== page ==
The differences between “spatial” and “geography” are interesting to me, and not trivial, usually. I’ve definitely noticed the expansion of the use of the word “spatial” overall. When it was part of my dissertation title in 1996, I know it wasn’t nearly as wide-spread as it is now. Here’s a graph that the Spatial Information Management blog created for spatial vs. geographic terms in books, an Ngram. Interesting, for sure. I recreated it for American English (1800-2008) and British English (1800-2008). Not sure why just “English” has a downturn starting at the year 2000.
Capitalizing the words makes a big difference (here’s British English for Spatial and Geography), so does that mean that titles are involved? I also like the spikes for the early 20th century American English, when academic Geography in the US was at its peak too.
One project (for my next pocket of spare time, hah) is to scan the titles and abstracts of journal articles from many disciplines over the last 150+ years and see when this “spatial turn” really began, in an academic sense.
I’ve just completed Day 1 of a SPACIT meeting, the semi-annual gathering of partners working on this Comenius funded project. Very interesting ideas coupled with very ambitious plans! Combining GIS&T, geography, philosophy, politics, the act of “participating” – or engagement, pedagogy and teacher professional development, communication, and other technology, especially via geomedia. Here’s a recent paper, GI and Spatial Citizenship (pdf) authored by 3 of the lead partners, Inga Gryl, Thomas Jekel, and Karl Donert.
I’m contributing on behalf of NCGE, and I have much to learn from these discussions. And did I mention we’ve gathered in Salzburg, Austria, at the university where the GI Forum and AGIT is about to happen? Geo everywhere.
The California Geographic Alliance (CGA) has released its April newsletter, and in it I wrote an item about spatial reasoning. CGA has been active on Facebook too. Their old website still has other resources up, as they transition to the new one. Geographic Alliances are organizations that exist in every state, though some are more actives than others. Originally launched by National Geography and still strongly associated with them, they’re frequently a great source of professional development for geography teachers. So is our online program in spatial literacy at the University of Redlands!
I *love* kaleidoscopes. I remember spending hours lying on my back and twisting them over my head, towards a sunny window. Here is an awesome “human” version, done by some clever French folks, definitely thinking spatially! I’d not have called it an arabesque, thinking only of the ballet position, but seems the word is much broader in its design sense. Learn something new every day!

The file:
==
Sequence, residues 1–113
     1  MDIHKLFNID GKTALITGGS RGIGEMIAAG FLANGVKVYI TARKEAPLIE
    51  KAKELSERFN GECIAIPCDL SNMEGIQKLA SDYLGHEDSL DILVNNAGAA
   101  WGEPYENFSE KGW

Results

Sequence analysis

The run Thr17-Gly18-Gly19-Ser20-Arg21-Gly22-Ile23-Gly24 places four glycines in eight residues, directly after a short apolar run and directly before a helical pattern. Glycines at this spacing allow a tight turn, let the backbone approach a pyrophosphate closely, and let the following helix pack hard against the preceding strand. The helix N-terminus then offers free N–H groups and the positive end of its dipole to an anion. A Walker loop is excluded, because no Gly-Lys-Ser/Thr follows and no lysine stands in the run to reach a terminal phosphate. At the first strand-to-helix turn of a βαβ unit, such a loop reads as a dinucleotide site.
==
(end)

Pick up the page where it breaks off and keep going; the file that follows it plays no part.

Un, deux, trois, quatre, cinq, six, sept, huit.
h/t to Geography Education.
For scanning spatial scales from atomic to astronomical, check out this new Magnifying the Universe. The scrolling exponential bar in the lower right is helpful too.
h/t to Neatorama, where I always find good things.
Slowly but surely, the ideas and understanding about spatial thinking (cognition, intelligence, abilities, skills, literacy, habits of mind, etc.; You name it, it’s relevant and connected) are making their way out of the academic file cabinets and into circles of more common knowledge. Earlier this week a colleague of mine from Esri (Tom Baker, @trbaker) forwarded this around, a Psychology Today article about our undervaluing of spatial intelligence. It was written by Jonathan Wai (@JonathanLWai), a psychologist whose work I first became familiar with through a National Science Board publication (2010) on Preparing the Next Generation of STEM Innovators.
These documents identify the need to seek out under-recognized spatial talent in order to avoid missing the top fraction of those who would otherwise excel. But I firmly believe that it’s an overlooked component of all education, for all students.
I want to send a shout out to all of my EDUC 616 students this weekend. I’m grading recent assignments and I am SO PROUD of what you’ve learned over the last two months! You guys rock! I just need to step out of the way and let you emerging educators take over. Really nice work.
The original teachspatial.org site has been updated with new resources and ideas for teaching content that has a spatial focus. In particular, check out the spatial filter for the National Science Digital Library (NSDL) resource content and the (US, K-12) standards browser.
Only over an open bottle might one want to start debating what’s a spatial “concept” and what’s not…
Nice work, Karl.